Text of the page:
Skip to main content

Protect Your Private Well From Stormwater Runoff


Next time it rains, go outside and notice how the rainwater moves from roof areas, driveways, and other paved surfaces. Make sure this water is not flowing toward your private drinking water well.

As stormwater flows over the land, it can pick up debris, bacteria, chemicals, soil, and other pollutants and carry those toward your well. Sources of contaminants on an acreage might include paint, wood-sealants, solvents, used motor oil, and other products leaked or poured onto the ground. 

Fertilizers and pesticides applied to lawns and gardens can wash off with stormwater. Pet and animal waste are additional sources of contamination. Research shows that drinking water wells that have been inundated with stormwater runoff are likely to be contaminated with bacteria. Other pollutants also may have entered the well.

To reduce the risk of contamination from runoff, make sure your well casing extends above the ground at least 1 foot. Make sure water cannot pond around the well area. If stormwater flows toward your well, re-grade and/or landscape the area so stormwater flows away from the well. See the NebGuide “Protecting Private Drinking Water Supplies: Runoff Management” for more information.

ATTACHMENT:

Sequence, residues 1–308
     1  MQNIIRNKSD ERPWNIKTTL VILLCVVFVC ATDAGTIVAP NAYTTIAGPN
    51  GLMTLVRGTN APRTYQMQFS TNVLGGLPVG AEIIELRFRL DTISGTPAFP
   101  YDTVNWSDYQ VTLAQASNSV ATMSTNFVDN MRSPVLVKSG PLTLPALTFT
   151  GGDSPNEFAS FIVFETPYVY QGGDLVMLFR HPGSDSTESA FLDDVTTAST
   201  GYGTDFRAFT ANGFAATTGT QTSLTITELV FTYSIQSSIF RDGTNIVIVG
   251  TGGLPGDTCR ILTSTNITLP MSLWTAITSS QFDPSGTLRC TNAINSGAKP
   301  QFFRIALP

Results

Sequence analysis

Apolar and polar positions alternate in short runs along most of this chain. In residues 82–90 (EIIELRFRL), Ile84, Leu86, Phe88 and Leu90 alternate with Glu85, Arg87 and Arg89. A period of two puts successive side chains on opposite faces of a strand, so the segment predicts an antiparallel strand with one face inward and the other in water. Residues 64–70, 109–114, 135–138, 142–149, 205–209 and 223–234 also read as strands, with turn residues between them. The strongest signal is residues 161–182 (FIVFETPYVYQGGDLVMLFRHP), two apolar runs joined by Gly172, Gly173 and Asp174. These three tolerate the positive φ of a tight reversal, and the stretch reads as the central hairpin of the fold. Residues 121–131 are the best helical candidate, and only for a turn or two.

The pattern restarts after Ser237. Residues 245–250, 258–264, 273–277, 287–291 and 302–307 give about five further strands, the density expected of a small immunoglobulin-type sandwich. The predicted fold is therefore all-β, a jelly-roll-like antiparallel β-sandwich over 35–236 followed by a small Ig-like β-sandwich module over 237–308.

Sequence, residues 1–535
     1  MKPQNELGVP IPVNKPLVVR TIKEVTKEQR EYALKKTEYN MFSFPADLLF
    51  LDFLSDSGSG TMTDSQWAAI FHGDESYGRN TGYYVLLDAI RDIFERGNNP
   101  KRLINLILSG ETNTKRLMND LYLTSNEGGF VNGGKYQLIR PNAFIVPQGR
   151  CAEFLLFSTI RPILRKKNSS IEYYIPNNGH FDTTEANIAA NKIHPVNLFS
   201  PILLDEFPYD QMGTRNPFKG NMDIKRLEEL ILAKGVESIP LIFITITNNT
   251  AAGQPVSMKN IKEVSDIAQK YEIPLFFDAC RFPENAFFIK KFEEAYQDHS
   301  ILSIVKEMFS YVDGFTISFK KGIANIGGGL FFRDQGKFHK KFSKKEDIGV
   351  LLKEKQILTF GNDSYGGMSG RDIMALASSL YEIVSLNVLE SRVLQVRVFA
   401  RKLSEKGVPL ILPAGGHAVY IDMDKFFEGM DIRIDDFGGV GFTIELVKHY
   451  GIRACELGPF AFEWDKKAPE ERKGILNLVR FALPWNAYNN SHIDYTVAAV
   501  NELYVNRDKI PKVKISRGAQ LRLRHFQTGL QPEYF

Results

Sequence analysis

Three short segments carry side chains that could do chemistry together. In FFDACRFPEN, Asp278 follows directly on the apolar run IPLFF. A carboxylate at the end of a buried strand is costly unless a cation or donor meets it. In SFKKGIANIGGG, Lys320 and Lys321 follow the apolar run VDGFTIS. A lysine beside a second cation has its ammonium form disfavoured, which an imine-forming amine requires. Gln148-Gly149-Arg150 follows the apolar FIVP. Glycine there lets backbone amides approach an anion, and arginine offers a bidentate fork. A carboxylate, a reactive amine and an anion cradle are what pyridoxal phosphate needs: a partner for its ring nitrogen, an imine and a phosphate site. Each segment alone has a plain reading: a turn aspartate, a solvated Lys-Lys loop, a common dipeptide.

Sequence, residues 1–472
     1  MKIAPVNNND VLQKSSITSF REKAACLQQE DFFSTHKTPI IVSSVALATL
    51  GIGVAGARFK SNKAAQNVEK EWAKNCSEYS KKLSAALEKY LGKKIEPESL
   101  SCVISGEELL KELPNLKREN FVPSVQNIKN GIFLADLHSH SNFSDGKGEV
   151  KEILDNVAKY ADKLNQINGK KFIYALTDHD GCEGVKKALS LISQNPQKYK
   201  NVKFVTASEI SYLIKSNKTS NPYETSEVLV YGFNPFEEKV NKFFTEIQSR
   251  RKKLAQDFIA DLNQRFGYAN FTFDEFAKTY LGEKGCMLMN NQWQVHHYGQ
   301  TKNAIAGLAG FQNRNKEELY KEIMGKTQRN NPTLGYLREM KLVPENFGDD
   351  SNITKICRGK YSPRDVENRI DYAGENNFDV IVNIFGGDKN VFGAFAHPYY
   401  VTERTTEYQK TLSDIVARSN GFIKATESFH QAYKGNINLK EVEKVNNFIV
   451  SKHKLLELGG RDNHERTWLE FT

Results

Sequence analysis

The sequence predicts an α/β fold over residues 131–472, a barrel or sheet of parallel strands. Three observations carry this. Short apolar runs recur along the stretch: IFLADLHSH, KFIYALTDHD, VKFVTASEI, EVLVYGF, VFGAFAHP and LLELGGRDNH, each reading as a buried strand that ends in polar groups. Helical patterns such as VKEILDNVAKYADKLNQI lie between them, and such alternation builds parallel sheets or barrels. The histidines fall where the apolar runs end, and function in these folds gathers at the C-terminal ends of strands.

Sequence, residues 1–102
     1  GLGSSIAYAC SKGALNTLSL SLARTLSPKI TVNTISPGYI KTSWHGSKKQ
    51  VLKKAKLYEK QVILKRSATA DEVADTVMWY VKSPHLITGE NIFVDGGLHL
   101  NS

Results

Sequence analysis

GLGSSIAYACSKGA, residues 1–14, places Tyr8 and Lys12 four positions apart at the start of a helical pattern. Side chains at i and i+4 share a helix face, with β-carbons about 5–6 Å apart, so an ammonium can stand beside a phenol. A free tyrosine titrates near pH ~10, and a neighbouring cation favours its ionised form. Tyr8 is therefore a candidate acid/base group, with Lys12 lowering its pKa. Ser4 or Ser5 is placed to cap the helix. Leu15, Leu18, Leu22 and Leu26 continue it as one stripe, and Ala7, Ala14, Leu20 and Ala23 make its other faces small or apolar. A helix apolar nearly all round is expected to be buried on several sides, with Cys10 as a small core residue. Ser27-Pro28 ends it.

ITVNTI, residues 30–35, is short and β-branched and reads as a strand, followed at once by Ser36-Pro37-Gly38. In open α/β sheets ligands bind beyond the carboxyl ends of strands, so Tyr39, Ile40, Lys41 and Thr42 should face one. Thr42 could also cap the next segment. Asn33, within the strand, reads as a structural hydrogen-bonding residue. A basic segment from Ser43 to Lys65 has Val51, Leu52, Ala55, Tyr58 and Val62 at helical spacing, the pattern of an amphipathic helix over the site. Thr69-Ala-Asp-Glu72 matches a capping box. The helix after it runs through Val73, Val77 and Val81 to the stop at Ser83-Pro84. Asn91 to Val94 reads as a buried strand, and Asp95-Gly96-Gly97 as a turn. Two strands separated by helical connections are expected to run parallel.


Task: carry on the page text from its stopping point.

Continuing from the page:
Sharon Skipton
Sharon Skipton
Extension Educator, Retired Water Quality and adjunct Biological Sciences Engineering Faculty Member
Sharon's main areas of interest and research were related to drinking water, onsite wastewater, and healthy homes, with a current emphasis on drinking water system protection as well as water testing, quality, treatment, and conservation.